Fried oysters are a thing in Malaysia. It is basically an oyster omelet with some rice flour. The resulting whole is deep fried.
Now, cooked oysters seem quite mainstream in Asia from what I saw - I ate for example boiled oysters with butter in Vietnam - but fried oyster, this is a first.
In France we use to eat oysters raw with their sea water. It is harder to get your oysters raw in Asia for obvious environmental reasons. The taste difference is quite pronounced, and this is too much of a cultural shock for me - I hate cooked oysters, they make me sick. I am already not a big fan of raw oysters, but one oyster per year with some good white wine goes a long way in your well-being. Maybe one day I will be used to it and eating some more.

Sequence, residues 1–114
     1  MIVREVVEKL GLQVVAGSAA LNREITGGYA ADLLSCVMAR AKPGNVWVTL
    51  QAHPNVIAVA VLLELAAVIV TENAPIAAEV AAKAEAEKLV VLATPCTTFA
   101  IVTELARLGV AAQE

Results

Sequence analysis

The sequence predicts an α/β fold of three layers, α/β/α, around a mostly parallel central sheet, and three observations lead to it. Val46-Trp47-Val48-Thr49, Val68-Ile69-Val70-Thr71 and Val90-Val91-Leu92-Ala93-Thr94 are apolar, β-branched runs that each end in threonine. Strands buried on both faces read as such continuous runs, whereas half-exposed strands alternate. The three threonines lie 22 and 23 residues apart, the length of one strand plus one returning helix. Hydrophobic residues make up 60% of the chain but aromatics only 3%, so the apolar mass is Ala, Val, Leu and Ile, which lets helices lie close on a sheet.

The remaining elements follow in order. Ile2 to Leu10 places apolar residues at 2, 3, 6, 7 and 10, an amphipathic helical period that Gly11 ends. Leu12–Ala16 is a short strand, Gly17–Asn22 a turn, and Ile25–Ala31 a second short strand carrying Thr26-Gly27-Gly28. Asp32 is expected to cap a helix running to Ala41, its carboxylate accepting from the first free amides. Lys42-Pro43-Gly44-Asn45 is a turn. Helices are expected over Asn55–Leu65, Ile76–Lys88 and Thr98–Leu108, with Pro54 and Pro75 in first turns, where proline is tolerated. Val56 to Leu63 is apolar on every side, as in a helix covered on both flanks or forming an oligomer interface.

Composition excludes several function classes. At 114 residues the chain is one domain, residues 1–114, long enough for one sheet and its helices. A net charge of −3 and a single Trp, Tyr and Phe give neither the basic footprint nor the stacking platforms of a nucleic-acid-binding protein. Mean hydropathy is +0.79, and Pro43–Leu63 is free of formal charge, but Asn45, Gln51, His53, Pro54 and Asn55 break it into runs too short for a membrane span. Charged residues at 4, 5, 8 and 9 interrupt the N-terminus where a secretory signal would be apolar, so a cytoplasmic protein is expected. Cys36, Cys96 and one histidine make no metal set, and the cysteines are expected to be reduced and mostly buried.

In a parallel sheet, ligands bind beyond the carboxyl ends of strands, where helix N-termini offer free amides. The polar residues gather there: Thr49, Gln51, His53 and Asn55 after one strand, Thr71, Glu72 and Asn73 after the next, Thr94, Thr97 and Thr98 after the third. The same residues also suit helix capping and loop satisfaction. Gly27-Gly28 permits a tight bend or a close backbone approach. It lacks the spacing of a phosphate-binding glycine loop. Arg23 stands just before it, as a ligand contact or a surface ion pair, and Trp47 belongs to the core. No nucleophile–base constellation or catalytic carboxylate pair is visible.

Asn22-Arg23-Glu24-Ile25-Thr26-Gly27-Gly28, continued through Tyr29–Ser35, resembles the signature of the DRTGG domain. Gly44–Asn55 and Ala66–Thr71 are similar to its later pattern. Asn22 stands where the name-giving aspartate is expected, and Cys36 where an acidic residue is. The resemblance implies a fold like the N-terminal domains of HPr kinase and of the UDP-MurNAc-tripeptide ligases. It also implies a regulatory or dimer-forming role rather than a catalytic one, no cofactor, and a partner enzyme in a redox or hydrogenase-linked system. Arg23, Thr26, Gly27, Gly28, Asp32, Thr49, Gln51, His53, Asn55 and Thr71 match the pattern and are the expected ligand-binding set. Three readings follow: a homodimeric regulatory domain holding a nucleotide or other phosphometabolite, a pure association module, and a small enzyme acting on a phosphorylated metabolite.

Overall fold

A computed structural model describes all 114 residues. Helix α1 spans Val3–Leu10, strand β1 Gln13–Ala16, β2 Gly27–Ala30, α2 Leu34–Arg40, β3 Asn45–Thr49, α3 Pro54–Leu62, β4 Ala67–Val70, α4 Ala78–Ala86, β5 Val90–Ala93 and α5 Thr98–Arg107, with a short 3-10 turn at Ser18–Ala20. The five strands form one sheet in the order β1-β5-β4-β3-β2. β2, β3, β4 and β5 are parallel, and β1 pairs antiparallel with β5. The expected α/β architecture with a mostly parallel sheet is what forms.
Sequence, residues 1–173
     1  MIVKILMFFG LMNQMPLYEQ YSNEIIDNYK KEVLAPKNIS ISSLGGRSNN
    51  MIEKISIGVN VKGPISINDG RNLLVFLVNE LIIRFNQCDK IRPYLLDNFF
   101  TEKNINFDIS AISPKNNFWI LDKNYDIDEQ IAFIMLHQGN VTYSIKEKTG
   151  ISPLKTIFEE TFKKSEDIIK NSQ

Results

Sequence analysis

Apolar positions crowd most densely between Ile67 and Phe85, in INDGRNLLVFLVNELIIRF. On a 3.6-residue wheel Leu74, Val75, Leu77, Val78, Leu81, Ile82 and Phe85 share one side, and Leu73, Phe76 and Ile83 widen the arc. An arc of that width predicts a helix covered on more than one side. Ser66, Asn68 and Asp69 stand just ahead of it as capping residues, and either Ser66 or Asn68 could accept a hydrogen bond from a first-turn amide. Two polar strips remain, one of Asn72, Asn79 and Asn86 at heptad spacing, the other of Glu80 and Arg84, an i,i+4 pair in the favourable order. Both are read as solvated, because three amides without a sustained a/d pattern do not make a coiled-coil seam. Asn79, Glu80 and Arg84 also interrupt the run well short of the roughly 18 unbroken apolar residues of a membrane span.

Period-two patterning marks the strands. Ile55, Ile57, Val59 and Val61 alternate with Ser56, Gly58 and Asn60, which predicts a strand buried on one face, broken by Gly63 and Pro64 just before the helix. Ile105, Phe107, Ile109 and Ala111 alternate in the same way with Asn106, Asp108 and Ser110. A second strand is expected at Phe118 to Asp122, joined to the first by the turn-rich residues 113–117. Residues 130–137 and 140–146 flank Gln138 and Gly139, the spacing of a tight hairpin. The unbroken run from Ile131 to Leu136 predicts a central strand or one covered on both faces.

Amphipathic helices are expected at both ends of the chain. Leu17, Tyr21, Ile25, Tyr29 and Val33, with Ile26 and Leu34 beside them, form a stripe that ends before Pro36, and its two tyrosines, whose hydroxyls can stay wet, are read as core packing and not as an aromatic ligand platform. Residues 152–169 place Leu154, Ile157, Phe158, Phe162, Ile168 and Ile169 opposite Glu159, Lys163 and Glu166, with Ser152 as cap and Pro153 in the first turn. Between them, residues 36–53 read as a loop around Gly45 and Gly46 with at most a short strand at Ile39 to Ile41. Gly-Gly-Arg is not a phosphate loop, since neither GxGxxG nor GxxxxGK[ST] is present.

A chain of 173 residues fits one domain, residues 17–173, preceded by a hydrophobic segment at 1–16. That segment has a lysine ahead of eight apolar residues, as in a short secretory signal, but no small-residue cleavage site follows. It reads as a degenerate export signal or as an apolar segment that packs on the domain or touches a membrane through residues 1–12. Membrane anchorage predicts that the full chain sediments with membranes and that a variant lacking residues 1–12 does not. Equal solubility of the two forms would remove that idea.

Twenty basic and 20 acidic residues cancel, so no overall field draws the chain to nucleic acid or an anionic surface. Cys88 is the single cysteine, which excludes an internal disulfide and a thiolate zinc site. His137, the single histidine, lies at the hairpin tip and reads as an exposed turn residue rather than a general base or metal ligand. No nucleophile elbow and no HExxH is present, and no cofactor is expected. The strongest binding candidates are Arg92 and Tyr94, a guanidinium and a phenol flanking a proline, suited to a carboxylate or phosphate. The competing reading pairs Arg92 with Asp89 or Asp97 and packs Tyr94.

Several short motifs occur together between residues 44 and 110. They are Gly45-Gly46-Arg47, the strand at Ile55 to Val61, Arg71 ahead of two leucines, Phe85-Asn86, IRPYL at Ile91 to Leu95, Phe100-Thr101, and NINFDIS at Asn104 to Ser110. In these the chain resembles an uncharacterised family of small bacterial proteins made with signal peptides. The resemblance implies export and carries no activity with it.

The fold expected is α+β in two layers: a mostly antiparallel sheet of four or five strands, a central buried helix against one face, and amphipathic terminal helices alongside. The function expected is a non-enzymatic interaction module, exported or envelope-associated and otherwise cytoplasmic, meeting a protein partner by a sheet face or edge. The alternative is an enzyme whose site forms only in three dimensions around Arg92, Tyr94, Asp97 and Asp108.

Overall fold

However, take out the oysters from the fried oysters, and you get the best omelet you can possibly imagine.
I was trying to get my regular koay teow th’ng the other day - a fish noodle soup - at my regular place. I arrived at the wrong moment: they were out of broth. The only stall left was serving fried oysters. Then, I had this crazy idea to ask for fried oysters, without the oysters as I do not like those. The eggs are mixed with rice flour, salt and herbs. The mixture is deep fried in a pan similar to the one you use for paellas. Yes, those huge frying pans. 11 ringgits later (2.6$), you are served a fat good-looking omelet.
The omelet is a bit crunchy, yet sticky, and it melts in your mouth. This must be how heaven tastes like: both the texture and the taste are incredible.
The only downside is that it is incredibly oily. You quickly get full or disgusted, I don’t know which one first.
That was a hella good omelet though.